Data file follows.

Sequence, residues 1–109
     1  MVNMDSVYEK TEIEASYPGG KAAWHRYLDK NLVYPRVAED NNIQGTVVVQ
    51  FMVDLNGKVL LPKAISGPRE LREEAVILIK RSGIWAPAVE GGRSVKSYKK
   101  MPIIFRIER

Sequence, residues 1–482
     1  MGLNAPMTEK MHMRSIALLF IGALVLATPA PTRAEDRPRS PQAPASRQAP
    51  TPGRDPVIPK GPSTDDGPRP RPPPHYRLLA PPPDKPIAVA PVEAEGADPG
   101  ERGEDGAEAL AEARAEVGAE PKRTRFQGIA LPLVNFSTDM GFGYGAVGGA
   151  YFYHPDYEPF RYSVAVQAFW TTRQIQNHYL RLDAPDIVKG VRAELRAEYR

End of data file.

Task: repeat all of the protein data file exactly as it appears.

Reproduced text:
Sequence, residues 1–109
     1  MVNMDSVYEK TEIEASYPGG KAAWHRYLDK NLVYPRVAED NNIQGTVVVQ
    51  FMVDLNGKVL LPKAISGPRE LREEAVILIK RSGIWAPAVE GGRSVKSYKK
   101  MPIIFRIER

Sequence, residues 1–482
     1  MGLNAPMTEK MHMRSIALLF IGALVLATPA PTRAEDRPRS PQAPASRQAP
    51  TPGRDPVIPK GPSTDDGPRP RPPPHYRLLA PPPDKPIAVA PVEAEGADPG
   101  ERGEDGAEAL AEARAEVGAE PKRTRFQGIA LPLVNFSTDM GFGYGAVGGA
   151  YFYHPDYEPF RYSVAVQAFW TTRQIQNHYL RLDAPDIVKG VRAELRAEYR